2. A management/leadership problem. The leader/manager who creates the situation I have been describing  in this post is the real problem. As a wise person once said, “the fish stinks at the head.” It is the leader’s responsibility to create a system where there is no conflict of authority or responsibility and where the organizational design is carried out logically, efficiently and correctly. I have to wonder if the leader of that university truly understands the root cause of his financial problems. I know this university. It’s got an excellent product. It is the leadership that has lost its way. And they have probably done so because they are copying business models that are outdated and useless. Oftentimes, politics, not practicality or wisdom, govern all the decisions on organizational design and responsibility for fundraising. And when I say “the fish stinks at the head,” I do not mean to demean leadership, because most often it is good. I mean to say that the problem rests with leadership. They should correct what is wrong here.
  3. Confusion about the roles of technical people. Technical people are those folks in the organization who design, create and manage the product/program/service offer of the organization. The good ones are pretty powerful people. They create great things and are truly amazing. But they are not usually good fundraisers or major gift people. Yet leaders, because of their prominent contribution to the organization, give these technical people the authority to rule the entire castle, not realizing that by doing so they undermine the very foundation of the enterprise. I do know why this happens. It’s because, historically, we leaders have valued management people more than technical people. We have paid them more. We have given them more prominence and authority. We have disproportionately lifted them up. So, if you are a technical person in this environment it is no wonder that you need and want to become a manager. You lobby and work your way into a position and then fail at delivering the very values the position requires. In the case of those deans OR the program person in your organization, if we would just let them be the technical people they were meant to be and honored and valued them as much as we value the management folks, we wouldn’t be in many of the situations we find ourselves in.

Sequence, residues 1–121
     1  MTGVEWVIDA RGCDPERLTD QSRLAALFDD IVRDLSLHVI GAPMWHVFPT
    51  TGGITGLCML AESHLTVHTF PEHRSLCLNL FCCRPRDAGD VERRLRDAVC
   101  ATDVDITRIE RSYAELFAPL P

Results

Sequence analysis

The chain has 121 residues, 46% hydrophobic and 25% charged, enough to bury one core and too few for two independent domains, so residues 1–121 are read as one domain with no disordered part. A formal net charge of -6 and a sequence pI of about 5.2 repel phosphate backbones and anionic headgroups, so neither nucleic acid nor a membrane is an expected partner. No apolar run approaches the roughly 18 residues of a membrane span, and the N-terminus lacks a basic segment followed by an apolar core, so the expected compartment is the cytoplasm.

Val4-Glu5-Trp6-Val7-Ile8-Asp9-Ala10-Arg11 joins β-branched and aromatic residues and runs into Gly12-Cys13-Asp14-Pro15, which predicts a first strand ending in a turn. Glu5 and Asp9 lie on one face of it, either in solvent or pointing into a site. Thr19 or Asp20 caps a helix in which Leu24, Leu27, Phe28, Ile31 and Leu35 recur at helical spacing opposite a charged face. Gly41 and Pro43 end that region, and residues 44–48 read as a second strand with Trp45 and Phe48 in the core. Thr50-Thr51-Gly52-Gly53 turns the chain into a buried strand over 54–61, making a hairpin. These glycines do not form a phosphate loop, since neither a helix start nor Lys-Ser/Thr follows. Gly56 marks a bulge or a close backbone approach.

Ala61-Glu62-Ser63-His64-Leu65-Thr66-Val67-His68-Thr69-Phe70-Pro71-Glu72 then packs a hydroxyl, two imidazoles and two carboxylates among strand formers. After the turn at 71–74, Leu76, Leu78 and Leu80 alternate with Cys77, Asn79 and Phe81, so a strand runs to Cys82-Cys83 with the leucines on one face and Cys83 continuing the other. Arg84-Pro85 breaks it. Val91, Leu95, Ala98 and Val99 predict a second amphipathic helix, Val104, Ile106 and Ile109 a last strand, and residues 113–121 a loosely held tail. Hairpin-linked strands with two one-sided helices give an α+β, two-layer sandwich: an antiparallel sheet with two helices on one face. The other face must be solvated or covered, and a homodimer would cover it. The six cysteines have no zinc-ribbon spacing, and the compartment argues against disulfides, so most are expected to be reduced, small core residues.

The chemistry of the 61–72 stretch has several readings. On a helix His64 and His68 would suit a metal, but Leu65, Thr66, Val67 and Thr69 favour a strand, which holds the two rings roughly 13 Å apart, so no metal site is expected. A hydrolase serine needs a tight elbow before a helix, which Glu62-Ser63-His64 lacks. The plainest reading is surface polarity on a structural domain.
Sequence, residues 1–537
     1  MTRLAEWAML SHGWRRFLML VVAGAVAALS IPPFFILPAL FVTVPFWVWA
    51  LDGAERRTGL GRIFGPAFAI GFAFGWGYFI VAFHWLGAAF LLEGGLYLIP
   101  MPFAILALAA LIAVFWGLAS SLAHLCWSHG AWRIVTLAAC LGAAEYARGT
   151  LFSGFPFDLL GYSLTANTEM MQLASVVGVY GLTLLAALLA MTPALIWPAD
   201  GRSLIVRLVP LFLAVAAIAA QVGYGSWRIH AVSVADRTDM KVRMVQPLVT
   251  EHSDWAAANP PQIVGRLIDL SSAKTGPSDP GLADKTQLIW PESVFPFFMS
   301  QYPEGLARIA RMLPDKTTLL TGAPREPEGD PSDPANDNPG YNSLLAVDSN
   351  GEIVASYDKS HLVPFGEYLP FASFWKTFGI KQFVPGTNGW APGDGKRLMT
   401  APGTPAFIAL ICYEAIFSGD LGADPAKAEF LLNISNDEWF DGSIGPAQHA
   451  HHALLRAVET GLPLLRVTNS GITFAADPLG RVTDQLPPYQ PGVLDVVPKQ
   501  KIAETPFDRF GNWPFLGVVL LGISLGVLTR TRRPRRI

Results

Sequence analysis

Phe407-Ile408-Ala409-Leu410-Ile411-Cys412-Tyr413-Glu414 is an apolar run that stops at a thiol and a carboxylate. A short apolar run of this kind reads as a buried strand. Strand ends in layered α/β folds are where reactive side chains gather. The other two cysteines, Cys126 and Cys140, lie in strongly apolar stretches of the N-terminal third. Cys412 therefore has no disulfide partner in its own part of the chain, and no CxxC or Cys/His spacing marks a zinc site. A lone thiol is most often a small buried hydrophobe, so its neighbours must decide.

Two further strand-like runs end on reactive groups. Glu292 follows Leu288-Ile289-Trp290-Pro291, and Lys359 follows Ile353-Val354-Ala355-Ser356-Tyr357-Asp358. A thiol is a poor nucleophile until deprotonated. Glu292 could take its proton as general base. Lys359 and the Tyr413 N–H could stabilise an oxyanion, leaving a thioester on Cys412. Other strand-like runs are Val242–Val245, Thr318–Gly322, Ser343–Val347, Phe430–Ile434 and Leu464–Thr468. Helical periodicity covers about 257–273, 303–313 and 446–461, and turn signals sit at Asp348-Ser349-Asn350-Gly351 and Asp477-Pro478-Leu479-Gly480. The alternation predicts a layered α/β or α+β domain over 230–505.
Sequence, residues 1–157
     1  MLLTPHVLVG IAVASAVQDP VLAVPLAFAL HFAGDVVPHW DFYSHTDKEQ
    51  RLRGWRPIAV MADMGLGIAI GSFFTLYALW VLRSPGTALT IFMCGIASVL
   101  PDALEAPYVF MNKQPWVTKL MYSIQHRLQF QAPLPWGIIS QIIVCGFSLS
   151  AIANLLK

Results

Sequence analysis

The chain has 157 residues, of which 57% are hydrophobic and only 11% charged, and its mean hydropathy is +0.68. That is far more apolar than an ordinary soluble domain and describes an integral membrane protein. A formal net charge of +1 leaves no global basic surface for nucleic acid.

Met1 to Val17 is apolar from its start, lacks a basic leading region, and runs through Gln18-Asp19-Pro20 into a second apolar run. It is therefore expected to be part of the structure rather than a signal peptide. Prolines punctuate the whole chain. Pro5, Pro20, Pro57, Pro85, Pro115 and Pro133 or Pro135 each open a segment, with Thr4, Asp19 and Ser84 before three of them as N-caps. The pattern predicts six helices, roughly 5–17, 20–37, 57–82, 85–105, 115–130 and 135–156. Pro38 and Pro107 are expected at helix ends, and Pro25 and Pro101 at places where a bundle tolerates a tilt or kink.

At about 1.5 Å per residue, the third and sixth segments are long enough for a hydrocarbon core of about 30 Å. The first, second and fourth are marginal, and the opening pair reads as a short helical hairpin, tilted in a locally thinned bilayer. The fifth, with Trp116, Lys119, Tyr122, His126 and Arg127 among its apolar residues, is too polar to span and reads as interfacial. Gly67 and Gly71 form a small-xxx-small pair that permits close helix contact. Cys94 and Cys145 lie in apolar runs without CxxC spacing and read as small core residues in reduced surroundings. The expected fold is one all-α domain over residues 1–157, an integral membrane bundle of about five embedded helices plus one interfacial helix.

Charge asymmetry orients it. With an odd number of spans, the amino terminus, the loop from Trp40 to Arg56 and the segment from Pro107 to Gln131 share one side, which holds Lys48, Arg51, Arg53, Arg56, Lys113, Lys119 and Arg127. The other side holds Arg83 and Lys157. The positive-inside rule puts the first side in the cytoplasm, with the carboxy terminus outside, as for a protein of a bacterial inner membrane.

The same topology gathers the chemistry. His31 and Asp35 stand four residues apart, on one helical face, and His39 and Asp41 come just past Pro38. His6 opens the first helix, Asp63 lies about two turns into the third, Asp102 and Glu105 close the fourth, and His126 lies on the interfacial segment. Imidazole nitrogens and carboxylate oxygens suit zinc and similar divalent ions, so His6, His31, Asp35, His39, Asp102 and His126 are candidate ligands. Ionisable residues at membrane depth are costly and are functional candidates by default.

Well, what can I tell that development professional at the university about how to get out of the fix she is in?

  1. One idea is to have her show the top leader this post and begin a discussion about the university’s situation. Perhaps starting a non-threatening dialogue about the subject would be helpful.
  2. Another idea is to talk to the leader or managers about the connection of organizational design and delegated authority to the financial woes they are currently experiencing. I often find that if I talk about how to solve the money problem, people listen. I know this is delicate politically, but the money angle is a pathway for this discussion.
  3. Perhaps several of the 15 deans could be persuaded toward this point of view and, together, they could go to leadership with suggestions about how to solve this problem.
  4. Failing all of that, it’s possible that the development person just needs to go find another job, because if she doesn’t she will surely fail if this situation isn’t turned around.

These are not easy things to solve. I know that. And oftentimes our discussions on major gifts have to do with donors, MGOs, budget packaging, offers, asks, cultivation and stewardship. But every once in a while the organizational monster raises its head, and the very thing that is blocking the MGO’s success is the organization itself.